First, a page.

This year I did something unusual: I kept a box of chocolates for myself! We packed up so many boxes that I had one extra, even after mailing out a carload of boxes. So I have been munching on the box. It’s a TOTALLY different experience, and it got me thinking.
Normally, I don’t eat my finished chocolates. I nibble the “seconds” during the production run (to keep from being hungry as much as anything else), and I’ll eat a few of the leftovers, but I’ve never had an entire box to call my own. And I’m surprised by what a delight it is to be able to dive into the box and choose from a dizzying array of different flavors, just ONE of each! Do I eat the guava first, or the coconut tequila lime fudge, or that tempting-looking I-haven’t-looked-it-up-yet piece shaped like a comma? There’s so much variety in the flavors that I both want to try everything at once and save everything for later, because when that one piece is gone, it’s gone forever. It’s a totally different experience from eating one “bruised” chocolate from an entire tray of chocolates (80+).
Which makes me think about our attitude towards things, and time. When we’re busy, we don’t really appreciate the wonderful things that life throws our way – yup, that tasted good, got a hundred more where that came from, gotta keep making chocolates. It’s only when we have leisure time, and when we get things handed to us in a nice box with a ribbon bow, packaged neatly as an assortment of perfect (and unique!) chocolates, that we really pay attention. Somewhere in the process of manufacturing tons of things, we lose our appreciation for the individual item. Only when it’s fleeting, unique, and beautifully presented do we stop and think.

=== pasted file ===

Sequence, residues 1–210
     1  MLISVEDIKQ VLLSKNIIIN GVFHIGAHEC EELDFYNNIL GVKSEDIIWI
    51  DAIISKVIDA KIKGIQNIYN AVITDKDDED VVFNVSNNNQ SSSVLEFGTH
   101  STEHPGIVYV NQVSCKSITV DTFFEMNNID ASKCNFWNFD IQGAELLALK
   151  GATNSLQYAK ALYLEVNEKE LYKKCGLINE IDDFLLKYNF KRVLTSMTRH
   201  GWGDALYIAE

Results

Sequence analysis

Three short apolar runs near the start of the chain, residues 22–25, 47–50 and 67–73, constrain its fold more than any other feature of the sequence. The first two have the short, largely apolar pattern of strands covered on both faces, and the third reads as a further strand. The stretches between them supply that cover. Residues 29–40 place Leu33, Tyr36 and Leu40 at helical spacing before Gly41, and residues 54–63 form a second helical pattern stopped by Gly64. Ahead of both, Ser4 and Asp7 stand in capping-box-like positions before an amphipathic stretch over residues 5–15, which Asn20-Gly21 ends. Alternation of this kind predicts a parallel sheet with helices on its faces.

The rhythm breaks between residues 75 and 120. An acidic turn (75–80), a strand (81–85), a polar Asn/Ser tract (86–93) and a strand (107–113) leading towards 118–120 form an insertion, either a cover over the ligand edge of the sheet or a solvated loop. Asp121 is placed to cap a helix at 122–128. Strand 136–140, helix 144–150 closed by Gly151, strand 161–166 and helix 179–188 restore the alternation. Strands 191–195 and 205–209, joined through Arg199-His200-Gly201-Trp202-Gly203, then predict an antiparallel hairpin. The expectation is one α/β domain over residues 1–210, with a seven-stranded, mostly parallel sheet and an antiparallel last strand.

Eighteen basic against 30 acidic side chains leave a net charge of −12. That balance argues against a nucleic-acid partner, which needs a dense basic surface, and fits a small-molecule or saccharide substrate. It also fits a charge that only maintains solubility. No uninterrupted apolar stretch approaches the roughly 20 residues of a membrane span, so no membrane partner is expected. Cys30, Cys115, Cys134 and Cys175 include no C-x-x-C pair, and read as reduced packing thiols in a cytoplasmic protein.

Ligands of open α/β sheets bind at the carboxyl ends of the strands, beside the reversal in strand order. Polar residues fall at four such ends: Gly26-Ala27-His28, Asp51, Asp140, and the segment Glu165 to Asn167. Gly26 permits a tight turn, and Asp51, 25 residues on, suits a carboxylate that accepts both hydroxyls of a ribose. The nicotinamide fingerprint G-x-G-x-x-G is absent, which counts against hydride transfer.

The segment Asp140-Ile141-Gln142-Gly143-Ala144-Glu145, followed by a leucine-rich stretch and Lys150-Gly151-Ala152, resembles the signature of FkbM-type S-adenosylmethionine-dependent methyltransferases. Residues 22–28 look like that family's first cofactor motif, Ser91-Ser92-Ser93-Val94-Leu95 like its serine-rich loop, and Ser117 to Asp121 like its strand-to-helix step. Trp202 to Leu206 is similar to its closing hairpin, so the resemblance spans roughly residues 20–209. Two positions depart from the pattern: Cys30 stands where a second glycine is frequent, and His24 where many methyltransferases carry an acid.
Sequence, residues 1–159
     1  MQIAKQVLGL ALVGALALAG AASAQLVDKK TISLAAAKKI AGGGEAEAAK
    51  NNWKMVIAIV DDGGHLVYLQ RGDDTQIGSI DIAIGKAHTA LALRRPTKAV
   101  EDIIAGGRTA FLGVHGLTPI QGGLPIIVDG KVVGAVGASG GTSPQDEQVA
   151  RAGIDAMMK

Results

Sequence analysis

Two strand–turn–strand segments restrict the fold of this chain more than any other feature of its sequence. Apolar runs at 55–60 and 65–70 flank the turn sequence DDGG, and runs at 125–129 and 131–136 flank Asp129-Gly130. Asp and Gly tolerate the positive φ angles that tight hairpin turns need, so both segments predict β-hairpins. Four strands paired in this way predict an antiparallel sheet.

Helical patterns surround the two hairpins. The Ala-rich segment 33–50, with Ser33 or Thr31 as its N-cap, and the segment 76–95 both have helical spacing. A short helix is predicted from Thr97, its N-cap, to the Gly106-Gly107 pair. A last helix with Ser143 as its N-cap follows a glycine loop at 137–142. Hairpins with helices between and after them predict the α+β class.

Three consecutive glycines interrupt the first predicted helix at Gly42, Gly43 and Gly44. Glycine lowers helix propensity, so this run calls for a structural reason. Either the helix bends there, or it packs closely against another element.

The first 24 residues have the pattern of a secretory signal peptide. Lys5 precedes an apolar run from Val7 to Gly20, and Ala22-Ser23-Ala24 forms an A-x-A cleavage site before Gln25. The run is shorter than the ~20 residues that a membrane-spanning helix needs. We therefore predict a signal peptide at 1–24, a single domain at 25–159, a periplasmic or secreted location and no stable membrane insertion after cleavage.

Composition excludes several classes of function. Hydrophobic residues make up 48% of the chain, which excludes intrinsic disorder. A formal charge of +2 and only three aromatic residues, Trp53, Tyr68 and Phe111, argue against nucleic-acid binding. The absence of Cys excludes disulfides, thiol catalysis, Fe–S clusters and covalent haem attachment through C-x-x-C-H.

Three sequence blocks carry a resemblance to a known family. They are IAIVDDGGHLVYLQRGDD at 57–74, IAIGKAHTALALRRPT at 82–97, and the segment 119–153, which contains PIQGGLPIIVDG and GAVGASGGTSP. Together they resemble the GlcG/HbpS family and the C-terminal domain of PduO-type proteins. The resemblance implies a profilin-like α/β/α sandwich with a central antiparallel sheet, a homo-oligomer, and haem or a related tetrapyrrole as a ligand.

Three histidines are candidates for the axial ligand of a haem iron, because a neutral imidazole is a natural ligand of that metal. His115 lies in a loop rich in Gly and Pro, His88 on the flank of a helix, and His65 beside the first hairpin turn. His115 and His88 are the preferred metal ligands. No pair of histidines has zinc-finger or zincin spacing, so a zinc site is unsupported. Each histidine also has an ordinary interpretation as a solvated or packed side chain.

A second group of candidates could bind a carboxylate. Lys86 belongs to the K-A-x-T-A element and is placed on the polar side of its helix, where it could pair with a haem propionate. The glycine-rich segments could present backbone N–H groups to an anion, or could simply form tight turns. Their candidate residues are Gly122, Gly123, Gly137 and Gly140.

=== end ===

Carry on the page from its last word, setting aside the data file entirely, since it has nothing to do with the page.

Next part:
Which is one of the reasons I like projects like this wedding dress. It is very much like a box of chocolates: long hours of loving labor to produce, and one passing moment when it will be fully appreciated. So it will have its special “hour in the sun”, and will be appreciated as the treasure it is.
But then, I got to thinking. What if we “reclaimed the usual”? What if, instead of watching the minutes fly by, one after another, we treasured each moment as the fleeting, passing chocolate that it is? What if we made each item precious by touching it with our creativity? Would that not be a life worth leading?
I’m not suggesting that every moment is a highlight. But if we could dress ourselves entirely in handwoven fabrics, what a gift that would be! Each piece of clothing precious, hard-won, something to take pride in and show off to others.
And then I asked myself: what is the source of that satisfaction? Must something be unusual, unique, to be appreciated? Because in long-ago years, everyone wore handwoven fabric, and it was nothing unusual. Did people still take pride in their handiwork, the way we take pride in ours, in modern times?
I don’t know why things must be unique to be treasured. Could we not gain even more from life by reclaiming the usual? What makes it so hard to treasure each and every thing, mass-produced or not?
Interesting questions, for which I am still meditating on the answers…